Amos Bronson Alcott

We cannot, however, limit a consideration of Romantic poetry in the United States strictly to the Transcendentalists and those who were influenced by them. In fact, the first evidence of Romantic thinking in North American poetry can be traced back to the late 18th century: Philip Freneau’s “The Wild Honey Suckle” (1786) is a fine example of what might be called a “proto-Romantic” poem. Two decades later, several of the most important issues of Romantic thought (the need to reformulate the earlier Christian concept of death and the afterlife, a consequent re-conception of the relationship between the individual, or the mind, and nature and a belief that we can acquire important knowledge intuitively through a patient and receptive contemplation of the natural environment) were effectively expressed in some of the earlier poems of William Cullen Bryant (1794-1878) – for example, “Thanatopsis” (1817, 1821) and “To a Waterfowl” (1821).

And of course, we mustn’t forget about Edgar Allan Poe (1809-49), who spent the last decade of his life cultivating an unnecessary animosity towards the Transcendentalists. His intricate and musical verse forms prompted Emerson to refer to him as the “jingle man”. And the truth is that Poe’s poetry is less interesting than his innovative and psychologically acute fiction. His early poems, written in the late 1820s, are generally derivative of European the European Romantics. His later work, written during the last years of his life, exhibits a much richer psychological complexity – as in “The Raven” (1845) or “Annabel Lee” (1849) – similar to that of the narrators of his brilliant gothic tales.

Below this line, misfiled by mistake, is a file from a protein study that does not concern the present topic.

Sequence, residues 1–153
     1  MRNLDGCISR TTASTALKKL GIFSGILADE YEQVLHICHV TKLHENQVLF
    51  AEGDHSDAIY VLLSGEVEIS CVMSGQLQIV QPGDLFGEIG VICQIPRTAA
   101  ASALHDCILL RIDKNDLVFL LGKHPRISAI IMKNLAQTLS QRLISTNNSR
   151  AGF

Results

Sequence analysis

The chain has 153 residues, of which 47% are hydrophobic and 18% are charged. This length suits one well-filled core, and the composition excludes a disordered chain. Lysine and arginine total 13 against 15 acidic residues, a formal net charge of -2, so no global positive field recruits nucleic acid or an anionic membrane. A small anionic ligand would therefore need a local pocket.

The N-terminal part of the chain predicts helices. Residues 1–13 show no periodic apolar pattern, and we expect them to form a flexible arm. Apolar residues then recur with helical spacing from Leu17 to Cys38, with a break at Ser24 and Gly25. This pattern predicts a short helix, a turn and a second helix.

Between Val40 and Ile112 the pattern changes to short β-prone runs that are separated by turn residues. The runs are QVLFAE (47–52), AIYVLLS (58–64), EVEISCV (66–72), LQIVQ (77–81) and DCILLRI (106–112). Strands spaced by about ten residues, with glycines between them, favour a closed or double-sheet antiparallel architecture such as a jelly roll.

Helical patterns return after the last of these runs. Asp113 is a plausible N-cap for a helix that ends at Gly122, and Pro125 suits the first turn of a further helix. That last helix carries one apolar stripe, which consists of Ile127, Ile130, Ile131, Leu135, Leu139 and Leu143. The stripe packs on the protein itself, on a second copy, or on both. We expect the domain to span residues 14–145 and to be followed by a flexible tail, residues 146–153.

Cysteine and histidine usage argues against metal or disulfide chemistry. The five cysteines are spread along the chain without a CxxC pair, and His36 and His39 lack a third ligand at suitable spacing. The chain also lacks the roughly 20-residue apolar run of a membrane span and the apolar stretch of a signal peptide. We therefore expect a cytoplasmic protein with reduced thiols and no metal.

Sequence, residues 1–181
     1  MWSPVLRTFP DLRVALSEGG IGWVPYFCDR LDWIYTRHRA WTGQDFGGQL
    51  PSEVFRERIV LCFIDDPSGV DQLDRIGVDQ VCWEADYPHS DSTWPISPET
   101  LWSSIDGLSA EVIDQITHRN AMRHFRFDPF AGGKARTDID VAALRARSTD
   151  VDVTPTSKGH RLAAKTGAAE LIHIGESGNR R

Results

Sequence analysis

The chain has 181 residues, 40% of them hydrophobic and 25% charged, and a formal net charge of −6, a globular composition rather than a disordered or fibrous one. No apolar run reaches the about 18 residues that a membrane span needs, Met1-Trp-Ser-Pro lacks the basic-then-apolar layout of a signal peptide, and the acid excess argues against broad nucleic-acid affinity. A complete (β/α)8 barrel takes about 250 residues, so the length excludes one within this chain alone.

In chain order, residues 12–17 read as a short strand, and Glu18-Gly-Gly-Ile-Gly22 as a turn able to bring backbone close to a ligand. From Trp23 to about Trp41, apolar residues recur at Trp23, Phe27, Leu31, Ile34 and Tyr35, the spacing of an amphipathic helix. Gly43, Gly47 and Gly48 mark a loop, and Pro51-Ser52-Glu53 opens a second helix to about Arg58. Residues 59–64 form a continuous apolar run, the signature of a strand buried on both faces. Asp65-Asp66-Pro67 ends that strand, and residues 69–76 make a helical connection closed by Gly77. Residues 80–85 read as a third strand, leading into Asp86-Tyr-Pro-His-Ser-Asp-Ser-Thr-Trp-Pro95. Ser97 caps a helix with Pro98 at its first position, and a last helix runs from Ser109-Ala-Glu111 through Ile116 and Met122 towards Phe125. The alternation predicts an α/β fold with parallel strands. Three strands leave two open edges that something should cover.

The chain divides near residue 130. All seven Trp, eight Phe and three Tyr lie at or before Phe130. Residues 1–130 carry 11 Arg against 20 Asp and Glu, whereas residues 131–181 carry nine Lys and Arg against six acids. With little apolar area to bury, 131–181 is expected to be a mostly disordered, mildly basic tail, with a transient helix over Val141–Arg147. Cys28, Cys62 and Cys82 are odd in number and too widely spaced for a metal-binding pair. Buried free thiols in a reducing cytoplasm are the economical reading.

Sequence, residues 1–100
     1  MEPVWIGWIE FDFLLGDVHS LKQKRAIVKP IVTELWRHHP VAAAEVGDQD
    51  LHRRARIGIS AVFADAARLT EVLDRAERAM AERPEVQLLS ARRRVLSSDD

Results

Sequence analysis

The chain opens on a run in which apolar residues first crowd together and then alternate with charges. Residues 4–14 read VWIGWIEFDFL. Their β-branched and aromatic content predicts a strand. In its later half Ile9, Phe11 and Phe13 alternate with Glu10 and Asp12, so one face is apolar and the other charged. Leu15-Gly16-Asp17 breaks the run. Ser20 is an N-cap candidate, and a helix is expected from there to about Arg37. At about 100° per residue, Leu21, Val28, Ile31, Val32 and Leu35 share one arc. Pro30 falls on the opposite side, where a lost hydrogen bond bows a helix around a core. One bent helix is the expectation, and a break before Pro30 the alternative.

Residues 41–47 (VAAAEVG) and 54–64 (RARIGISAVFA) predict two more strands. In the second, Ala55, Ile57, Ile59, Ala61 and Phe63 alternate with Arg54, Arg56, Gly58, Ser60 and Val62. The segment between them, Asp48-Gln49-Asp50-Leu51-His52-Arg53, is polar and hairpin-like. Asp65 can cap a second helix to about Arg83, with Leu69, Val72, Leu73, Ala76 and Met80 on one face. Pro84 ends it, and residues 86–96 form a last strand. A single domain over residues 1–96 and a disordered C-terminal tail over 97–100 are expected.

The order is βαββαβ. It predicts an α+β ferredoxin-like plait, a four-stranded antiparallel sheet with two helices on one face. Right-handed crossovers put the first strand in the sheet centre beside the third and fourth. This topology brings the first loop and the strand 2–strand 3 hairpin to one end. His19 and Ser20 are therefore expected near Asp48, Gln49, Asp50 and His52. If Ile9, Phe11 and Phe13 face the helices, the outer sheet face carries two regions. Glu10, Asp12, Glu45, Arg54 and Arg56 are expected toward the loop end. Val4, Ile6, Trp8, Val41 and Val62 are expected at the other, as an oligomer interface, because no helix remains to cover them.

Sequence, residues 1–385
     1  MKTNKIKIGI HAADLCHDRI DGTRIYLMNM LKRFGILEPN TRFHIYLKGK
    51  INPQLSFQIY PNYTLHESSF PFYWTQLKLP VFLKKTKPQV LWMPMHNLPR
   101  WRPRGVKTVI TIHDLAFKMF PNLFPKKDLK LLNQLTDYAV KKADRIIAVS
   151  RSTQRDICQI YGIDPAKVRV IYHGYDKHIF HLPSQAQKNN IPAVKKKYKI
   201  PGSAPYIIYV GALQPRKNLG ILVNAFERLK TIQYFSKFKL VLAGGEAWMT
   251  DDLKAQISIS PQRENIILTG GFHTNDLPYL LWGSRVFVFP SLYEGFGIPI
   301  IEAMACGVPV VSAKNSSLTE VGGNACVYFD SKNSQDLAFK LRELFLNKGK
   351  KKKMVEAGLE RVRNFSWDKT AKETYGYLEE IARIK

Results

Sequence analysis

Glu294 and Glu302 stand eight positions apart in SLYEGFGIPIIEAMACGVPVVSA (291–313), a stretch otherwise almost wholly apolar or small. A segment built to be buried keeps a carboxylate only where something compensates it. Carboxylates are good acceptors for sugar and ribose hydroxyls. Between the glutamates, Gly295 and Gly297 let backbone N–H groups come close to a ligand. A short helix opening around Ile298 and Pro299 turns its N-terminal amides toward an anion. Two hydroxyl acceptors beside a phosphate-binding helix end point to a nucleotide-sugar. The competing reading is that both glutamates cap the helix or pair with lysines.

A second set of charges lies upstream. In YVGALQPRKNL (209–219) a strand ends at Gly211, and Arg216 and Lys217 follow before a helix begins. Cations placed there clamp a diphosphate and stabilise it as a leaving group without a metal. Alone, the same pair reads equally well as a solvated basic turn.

And finally, perhaps the last, weak vestiges of Romanticism can be found in the second half of the 19th century in the group known as “The Fireside Poets”. While Emily Dickinson was completely unknown and Walt Whitman a controversial self-promoter with a relatively small but passionate following, poets like Henry Wadsworth Longfellow (1807-82), John Greenleaf Whittier (1807-92), Oliver Wendell Holmes (1809-94) and James Russell Lowell (1819-91) were almost universally read and loved by the American public.

Henry Wadsworth Longfellow

John Greenleaf Whittier

The key to their success, in an age of sentimentality, was their superficial adaptation of Romantic themes and postures. Most of them were university professors. Longfellow and Lowell taught languages and literature at Harvard; Holmes was trained in law and medicine and was Professor of Anatomy at Harvard. As may be expected of academic poets, their technique was often flawless. However, this technical brilliance with established forms meant that they inevitably looked towards the past and made it impossible for them to carry out the kind of iconoclastic formal experiments that constitute the muscle and sinew of Whitman and Dickinson’s accomplishments. Their subject matter, too, offered little challenge to a complacent reading public: a tendency toward nostalgia for a lost past (either on a personal or a national level) and an excessive fondness for melodramatic treatment and the easy tear.

The success of the Fireside Poets was a result of their appeal to the particular tastes of the time, and their example therefore suggests an intriguing question. Which of the best-known and widely-read poets of today will still be read and studied in the twenty-second century?


Autor:Paul Scott Derrick (University of Valencia)